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User Reviews Affect Buying-- and Search

Kevin M. Ryan
User Reviews Affect Buying-- and Search Kevin M. Ryan

Consumer opinion, user-generated content, social media and search are on a collision course that will change the way we think, shop and buy.

It wasn't too long ago that the top reason for not buying online was that consumers were afraid to enter credit card information on the web-- but there is a bit more to it than that. Only a few short years ago the first retailer and product reviews began to appear on the web with eBay and Amazon. Today bloggers have taken control of merchant reviews and every purchase has become a considered purchase.

The online experience still lacks critical tactile aspects of the shopping experience. You can buy furniture online but you can't sit in the chair before you buy it. You can buy a shower curtain online but every manufacturer's desire to be unique has created a thousand different names for the color green.

So how are connections being made? How is purchase behavior being influenced? Well, buyers connect with reviews but they do have to find you first.

Forrester's 2006 State of Retailing Online Study indicates that online sales will top $200 billion this year. An e-Tailing Group, Inc. poll of more than 2,000 shoppers indicated that 92 percent deem customer reviews as "extremely" or "very" helpful in their purchases and about 71 percent of shoppers used keyword searches to find products.

comScore's now famous December 2004 study in buying behavior (along with follow-up studies) indicated that the majority of electronics purchases occurred offline. Estimates created using observational data and user polls cite that from 80 percent to 90 percent of all purchases occur offline. Other category-specific studies have confirmed that behavior is very similar for other consumer goods as well.

Since that time, retailers have focused on creating a more comfortable environment for shoppers in an attempt to increase online buying behavior. Almost every retailer has expanded product descriptions and enhanced customer interaction capabilities, and now also provides a means for customers to interact with one another through product reviews.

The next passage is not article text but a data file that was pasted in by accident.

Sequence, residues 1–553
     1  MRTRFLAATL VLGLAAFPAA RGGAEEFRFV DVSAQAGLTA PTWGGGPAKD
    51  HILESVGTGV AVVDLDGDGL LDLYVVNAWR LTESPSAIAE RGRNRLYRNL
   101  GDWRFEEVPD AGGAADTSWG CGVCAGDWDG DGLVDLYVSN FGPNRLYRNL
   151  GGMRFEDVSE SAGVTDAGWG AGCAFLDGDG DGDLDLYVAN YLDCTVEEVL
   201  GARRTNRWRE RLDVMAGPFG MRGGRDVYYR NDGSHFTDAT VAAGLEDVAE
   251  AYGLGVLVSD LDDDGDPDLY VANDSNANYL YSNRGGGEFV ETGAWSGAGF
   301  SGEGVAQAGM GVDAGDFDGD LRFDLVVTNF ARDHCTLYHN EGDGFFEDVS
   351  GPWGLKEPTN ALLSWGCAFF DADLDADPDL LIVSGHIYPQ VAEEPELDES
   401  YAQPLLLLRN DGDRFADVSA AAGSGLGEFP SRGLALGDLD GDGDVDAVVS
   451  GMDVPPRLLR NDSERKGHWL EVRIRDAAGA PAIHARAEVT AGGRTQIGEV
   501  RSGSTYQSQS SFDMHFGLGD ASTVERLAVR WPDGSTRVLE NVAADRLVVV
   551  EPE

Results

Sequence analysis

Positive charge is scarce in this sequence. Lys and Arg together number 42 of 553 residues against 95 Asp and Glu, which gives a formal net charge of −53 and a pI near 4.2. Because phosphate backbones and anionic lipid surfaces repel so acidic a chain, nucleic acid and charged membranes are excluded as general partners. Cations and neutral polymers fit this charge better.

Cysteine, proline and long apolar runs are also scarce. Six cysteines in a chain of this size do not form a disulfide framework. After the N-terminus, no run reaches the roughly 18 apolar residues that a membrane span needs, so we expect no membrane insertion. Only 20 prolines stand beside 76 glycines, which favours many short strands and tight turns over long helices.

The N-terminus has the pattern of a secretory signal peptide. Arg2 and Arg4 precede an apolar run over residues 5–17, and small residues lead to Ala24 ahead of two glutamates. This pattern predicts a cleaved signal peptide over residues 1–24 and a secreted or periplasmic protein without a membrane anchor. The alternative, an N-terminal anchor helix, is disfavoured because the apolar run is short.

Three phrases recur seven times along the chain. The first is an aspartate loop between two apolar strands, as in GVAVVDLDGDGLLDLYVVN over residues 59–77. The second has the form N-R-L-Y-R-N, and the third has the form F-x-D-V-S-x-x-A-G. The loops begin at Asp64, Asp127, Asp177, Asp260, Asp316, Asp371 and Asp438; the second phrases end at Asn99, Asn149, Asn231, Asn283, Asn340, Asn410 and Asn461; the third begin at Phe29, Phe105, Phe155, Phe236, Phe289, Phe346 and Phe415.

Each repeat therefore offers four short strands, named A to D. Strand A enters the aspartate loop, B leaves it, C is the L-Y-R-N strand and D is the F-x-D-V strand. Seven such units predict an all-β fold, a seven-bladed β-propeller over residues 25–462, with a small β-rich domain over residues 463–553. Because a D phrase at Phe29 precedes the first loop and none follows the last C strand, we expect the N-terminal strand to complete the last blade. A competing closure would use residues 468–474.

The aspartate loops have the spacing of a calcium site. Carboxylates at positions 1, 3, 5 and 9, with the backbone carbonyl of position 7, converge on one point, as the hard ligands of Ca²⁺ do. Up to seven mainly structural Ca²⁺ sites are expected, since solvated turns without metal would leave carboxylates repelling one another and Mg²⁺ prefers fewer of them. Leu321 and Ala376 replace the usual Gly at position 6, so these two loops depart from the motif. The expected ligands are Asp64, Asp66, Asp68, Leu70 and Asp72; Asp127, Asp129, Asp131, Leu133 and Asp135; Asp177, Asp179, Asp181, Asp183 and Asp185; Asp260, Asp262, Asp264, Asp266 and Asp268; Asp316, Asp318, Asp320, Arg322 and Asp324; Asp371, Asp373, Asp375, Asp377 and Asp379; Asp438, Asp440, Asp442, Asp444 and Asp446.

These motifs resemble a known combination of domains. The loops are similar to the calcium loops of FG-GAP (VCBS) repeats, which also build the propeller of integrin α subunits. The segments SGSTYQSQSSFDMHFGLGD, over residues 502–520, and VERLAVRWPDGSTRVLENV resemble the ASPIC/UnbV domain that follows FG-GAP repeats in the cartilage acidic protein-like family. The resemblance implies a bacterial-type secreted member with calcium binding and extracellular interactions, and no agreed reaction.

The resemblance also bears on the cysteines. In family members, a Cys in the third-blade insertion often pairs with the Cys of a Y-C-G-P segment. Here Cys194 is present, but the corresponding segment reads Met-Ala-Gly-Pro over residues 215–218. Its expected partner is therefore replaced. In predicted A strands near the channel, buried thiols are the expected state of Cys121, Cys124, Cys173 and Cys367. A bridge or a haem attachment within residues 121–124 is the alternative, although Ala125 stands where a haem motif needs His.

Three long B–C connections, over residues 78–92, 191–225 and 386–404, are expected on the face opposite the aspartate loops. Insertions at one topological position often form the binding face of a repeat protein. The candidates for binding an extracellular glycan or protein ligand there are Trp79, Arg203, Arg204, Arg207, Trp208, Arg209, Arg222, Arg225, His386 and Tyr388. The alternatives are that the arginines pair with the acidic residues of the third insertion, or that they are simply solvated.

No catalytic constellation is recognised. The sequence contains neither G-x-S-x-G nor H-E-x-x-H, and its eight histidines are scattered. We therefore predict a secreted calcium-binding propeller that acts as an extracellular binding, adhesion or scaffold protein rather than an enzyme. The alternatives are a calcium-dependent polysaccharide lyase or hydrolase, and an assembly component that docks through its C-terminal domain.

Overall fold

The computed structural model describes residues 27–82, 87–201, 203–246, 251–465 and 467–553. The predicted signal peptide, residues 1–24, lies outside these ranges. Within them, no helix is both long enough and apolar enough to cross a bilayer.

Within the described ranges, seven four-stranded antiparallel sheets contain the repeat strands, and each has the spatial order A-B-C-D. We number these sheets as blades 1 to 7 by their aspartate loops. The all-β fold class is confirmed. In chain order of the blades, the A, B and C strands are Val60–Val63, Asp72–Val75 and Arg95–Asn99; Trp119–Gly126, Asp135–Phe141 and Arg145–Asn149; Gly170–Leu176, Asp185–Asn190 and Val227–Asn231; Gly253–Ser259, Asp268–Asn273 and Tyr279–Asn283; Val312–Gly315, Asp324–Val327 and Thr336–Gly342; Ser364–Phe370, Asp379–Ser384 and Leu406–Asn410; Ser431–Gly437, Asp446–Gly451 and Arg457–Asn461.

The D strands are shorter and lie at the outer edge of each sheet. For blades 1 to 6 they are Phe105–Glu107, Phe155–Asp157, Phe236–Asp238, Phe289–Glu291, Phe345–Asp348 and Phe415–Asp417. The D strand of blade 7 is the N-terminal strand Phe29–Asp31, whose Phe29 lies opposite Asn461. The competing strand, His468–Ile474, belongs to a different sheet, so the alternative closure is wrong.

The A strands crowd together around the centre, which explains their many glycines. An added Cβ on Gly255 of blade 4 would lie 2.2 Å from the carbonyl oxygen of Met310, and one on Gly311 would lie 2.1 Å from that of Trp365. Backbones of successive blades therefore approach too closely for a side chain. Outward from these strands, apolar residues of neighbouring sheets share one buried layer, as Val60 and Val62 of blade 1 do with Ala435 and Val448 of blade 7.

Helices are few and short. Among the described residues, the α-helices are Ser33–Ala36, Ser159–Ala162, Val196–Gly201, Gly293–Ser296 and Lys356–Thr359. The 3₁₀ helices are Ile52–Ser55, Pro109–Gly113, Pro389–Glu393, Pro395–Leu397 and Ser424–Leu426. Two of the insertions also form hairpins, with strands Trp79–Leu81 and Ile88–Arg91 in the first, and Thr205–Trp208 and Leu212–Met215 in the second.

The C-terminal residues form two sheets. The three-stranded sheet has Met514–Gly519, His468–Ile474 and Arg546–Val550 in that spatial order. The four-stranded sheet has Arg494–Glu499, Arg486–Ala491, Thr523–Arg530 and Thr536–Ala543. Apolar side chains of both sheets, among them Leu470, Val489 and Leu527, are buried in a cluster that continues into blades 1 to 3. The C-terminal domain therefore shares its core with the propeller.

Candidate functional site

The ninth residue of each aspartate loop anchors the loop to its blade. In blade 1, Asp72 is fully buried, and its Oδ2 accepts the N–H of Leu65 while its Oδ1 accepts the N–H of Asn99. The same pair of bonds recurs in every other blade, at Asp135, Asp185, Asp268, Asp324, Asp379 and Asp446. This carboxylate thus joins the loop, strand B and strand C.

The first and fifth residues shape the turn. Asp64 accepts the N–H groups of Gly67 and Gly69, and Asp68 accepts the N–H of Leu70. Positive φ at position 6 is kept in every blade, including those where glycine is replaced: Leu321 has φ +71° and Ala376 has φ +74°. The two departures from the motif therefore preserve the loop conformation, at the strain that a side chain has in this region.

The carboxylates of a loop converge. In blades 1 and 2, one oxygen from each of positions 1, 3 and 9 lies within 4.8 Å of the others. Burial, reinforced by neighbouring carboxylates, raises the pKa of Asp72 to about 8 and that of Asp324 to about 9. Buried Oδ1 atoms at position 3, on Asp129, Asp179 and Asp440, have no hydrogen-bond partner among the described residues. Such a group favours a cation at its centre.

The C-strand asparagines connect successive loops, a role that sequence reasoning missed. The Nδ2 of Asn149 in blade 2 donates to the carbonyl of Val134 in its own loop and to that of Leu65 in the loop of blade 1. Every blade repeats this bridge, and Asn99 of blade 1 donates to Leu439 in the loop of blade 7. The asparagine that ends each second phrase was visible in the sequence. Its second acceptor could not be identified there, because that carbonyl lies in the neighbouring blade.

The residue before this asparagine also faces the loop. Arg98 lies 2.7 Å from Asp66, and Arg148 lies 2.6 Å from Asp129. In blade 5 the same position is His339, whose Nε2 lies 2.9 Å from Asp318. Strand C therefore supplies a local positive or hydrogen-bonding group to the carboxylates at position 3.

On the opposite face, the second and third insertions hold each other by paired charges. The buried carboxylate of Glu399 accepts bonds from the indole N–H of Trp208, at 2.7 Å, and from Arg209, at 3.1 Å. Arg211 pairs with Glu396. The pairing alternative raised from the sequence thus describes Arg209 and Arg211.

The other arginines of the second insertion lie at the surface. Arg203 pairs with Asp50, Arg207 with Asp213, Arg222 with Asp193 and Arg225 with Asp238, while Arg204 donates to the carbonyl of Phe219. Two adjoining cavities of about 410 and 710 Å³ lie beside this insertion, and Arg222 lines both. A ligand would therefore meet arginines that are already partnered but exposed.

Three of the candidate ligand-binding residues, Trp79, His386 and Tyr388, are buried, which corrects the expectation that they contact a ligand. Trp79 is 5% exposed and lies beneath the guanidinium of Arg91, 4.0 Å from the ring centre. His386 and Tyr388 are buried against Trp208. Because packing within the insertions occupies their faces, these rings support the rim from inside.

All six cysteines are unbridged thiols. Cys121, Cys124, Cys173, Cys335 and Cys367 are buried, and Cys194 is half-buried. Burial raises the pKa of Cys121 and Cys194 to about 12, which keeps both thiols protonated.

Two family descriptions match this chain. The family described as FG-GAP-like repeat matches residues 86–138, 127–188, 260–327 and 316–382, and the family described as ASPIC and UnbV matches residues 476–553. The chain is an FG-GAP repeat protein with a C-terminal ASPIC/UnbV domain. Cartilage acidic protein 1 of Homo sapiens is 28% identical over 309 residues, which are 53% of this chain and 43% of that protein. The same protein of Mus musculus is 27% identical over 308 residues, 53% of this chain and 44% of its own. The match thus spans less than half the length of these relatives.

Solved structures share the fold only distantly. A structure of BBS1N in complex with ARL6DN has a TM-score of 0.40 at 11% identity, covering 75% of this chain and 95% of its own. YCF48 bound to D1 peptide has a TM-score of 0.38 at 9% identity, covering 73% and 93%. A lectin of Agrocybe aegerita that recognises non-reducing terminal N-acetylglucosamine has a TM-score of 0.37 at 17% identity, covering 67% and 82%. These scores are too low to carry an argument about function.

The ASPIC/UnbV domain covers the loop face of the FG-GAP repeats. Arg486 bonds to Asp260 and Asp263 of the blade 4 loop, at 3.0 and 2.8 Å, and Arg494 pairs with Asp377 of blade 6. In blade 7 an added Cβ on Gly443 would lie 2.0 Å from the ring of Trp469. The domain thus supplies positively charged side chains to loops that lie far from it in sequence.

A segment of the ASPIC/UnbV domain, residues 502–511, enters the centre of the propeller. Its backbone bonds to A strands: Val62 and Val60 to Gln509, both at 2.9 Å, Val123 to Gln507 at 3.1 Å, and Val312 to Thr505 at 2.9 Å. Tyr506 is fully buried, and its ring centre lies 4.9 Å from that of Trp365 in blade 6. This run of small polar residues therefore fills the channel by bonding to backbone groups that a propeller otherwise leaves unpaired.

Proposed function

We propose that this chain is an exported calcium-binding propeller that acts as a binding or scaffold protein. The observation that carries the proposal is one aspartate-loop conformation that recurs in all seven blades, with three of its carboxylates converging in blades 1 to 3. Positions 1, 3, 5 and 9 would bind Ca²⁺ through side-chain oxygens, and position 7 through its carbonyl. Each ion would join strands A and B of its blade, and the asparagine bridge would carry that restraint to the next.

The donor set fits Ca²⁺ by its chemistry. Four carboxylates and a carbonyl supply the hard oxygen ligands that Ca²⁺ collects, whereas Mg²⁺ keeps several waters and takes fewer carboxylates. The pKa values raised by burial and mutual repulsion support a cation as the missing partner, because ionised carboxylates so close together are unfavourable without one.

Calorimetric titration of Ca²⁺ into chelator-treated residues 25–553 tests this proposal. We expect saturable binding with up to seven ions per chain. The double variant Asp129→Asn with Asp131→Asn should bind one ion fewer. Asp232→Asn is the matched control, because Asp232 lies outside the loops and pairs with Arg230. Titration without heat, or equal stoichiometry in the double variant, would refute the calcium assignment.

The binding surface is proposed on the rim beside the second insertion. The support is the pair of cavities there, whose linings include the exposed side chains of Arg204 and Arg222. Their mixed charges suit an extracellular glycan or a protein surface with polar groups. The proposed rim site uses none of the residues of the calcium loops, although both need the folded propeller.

What about the search?
Enhancements to the online buying experience often lack a search component. The advent of social media's "tagging" practice has yet to be utilized on a large scale-- with a few exceptions.

PowerReviews is a third party that offers a user-based consumer review and rating service for retailers and is used by powerhouse brands like SideStep.com and SmartBargains.com. PowerReviews is a case study in creating a credible and search-friendly consumer interaction environment.

Doing it right includes allowing customers to tag product reviews and use their own language to make a connection with your products and services. Need proof? Federal Express became FedEx because that's how people referred to it. Allowing users to tag information on their own terms provides a means for increasing likelihood that a purchase connection will be made via the search box.

Reviews shouldn't be the only tagging task. Video and image search is rapidly moving from a means of showcasing your cat's toilet flushing capability to yet another valuable marketing tool. With the right labels video and image files can be a real asset.

Balancing the love/hate
Bad reviews are a foregone conclusion. A wise old Irishman once offered me the following advice after ending an important relationship: "It's not that you two are bad apples, it just seems like neither one of you likes fruit." Of course, that was after more than a few pints of black gold, but I think you know where I am headed with this.

You might have a bad product, but more than likely said product just wasn't the right fit for your buyer and you have more than one option when facing bad reviews. You may silence the opinion, but that could lead to blog reprisals.

The other option will lead to increased sales and perhaps more efficient searches. Product descriptions are almost always regurgitated manufacturer guides and often don't provide enough or the right information for buyers. Simply expanding definitions to include more information for buyers with keyword-rich descriptions based on user feedback will go a long way to reaching out to potential customers, and making sure they have the most accurate information-- for them.

What color is hazelwood?
Learning from your customers is one discipline. Letting your customers learn from each other is yet another. Applying that knowledge to search should be the natural next step. 

No one has ever searched for a hazelwood shower curtain. Above all, remember that users search in the manner in which they think. While user feedback might lead you to believe there are few people left who might actually be using grey matter to complete a purchase, they still need to search, find and buy on their own terms.

Kevin Ryan is the chief executive officer of Kinetic Results. .

Meet Kevin Ryan at ad:tech New York and Shanghai


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